The usage for Fgdcmeta.aml is:

FGDCMETA <geo_dataset> { CREATE { TEMPLATE | MINIMUM } | EDIT } FGDCMETA USAGE (for verbose usage notes)

The CREATE option creates a metadata template as described above. TEMPLATE is the default switch for the create option. It creates a field in the metadata text file for several the metadata elements common to many GIS data sets. Some generic statements, such as use constraints and distribution liability, are included. These should be customized by individual organizations as necessary.


The MINIMUM switch for the create option generates an output file that requires minimal additional information to be added by the user. It includes only the Identification and Metadata sections (numbers 1 and 7) of the CSDGM, plus any other information that can be automatically generated. This option should only be used by those who are very familiar with the CSDGM and wish to build a custom metadata file by hand. Raw output alone from this option is not sufficient as a complete metadata file.


The EDIT option opens an existing metadata file in an editor. It checks for metadata files in the following order:

Only the <geo_dataset>.met file is displayed. If <geo_dataset>.met does not exist in the current workspace, then the program checks for the existence of a <geo_dataset>.nar file that may have been previously created with Document.aml. A message will indicate the presence of a narrative file from Document.aml, but Document.aml must be invoked to view the file. Also, the program could be edited so that the EDIT option checks a specified in-house metadata database.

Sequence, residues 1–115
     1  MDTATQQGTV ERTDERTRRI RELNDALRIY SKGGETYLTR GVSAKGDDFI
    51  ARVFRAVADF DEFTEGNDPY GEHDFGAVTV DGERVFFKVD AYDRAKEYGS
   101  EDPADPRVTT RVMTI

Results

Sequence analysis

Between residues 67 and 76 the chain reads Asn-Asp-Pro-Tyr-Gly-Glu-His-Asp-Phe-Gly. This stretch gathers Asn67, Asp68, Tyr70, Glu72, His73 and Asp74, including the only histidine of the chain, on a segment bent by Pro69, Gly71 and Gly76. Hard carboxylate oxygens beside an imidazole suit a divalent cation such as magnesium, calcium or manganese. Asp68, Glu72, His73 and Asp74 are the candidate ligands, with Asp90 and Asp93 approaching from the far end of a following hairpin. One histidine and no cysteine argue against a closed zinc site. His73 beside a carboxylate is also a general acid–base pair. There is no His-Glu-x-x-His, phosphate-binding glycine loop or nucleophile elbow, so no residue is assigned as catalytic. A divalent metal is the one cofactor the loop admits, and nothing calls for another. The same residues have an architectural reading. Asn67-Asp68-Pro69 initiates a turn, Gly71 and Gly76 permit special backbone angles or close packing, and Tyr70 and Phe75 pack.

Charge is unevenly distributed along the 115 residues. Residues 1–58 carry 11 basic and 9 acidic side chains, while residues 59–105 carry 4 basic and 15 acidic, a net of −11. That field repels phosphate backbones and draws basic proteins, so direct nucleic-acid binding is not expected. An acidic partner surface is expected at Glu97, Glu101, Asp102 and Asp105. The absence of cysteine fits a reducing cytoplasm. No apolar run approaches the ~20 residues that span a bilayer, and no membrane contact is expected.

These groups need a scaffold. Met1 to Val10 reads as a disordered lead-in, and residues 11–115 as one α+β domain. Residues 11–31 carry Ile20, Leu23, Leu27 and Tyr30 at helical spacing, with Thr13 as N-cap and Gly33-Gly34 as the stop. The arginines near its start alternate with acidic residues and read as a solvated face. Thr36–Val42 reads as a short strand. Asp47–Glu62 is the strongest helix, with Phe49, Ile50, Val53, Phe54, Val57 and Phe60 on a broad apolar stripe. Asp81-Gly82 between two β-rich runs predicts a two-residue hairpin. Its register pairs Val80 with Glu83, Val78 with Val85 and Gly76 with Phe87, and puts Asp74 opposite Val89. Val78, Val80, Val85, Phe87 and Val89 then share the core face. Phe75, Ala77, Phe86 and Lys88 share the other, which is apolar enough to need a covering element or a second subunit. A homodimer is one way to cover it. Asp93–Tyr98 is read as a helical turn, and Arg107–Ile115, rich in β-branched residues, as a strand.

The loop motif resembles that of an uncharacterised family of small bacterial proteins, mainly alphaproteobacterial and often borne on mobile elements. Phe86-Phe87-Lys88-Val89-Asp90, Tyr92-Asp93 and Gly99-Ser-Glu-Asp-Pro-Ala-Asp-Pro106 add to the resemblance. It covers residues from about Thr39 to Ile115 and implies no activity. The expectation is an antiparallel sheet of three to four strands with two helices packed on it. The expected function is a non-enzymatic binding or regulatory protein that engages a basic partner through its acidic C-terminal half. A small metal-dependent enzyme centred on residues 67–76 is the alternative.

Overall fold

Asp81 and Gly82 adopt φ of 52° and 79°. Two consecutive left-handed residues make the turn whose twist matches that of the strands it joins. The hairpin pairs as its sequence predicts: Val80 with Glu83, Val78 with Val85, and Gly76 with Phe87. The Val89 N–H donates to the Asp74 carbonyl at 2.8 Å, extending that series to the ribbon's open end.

The advantages of Fgdcmeta.aml are:

In a comprehensive review of metadata tools (Phillips, 1998), Fgdcmeta.aml is rated very favorably. In personal communication, the author of the review indicated that Fgdcmeta.aml was one of the few tools in his personal "metadata tool kit".


There are, however, some disadvantages to using Fgdcmeta.aml. It is not as robust as Document.aml. In its current form, it only supports a one-time query of DESCRIBE data from coverages, grids, and tins for the purposes of generating FGDC compliant metadata outside of Arc/Info. It does not write the metadata to an INFO file or directly support update of an existing metadata file.



Challenges and Implementation Lessons

The Illinois Clearinghouse participants owe a great debt of thanks to the grantees of the 1994 and 1995 CCAP awards for their efforts in laying the foundation for our work. Perhaps the single most significant result of our work in terms of the NSDI as a whole is that NSDI-node-in-a-box works; the Illinois Clearinghouse is a textbook example. Node-in-a-box is a FGDC catch-phrase that is intended to convey the relative ease with which a NSDI Clearinghouse can be assembled. The implication is that a great deal of the initial experimental work has been done and that interested parties need only download the required software via the Internet and follow step-by-step instructions to build a clearinghouse node. For the Illinois project it was almost that easy. This is not to say there were not technical difficulties; every computer system has its unique challenges. Technically adept personnel are essential, and a robust computer network with high-speed Internet connectivity and plenty of disk storage is an absolute requirement. Ultimately, though, thanks to node-in-a-box technology, project staff spent minimal time bringing the metadata indexing and server software up to operational status. This allowed for maximum concentration on the truly important aspects of the project: metadata creation, catalog development and digital data sharing.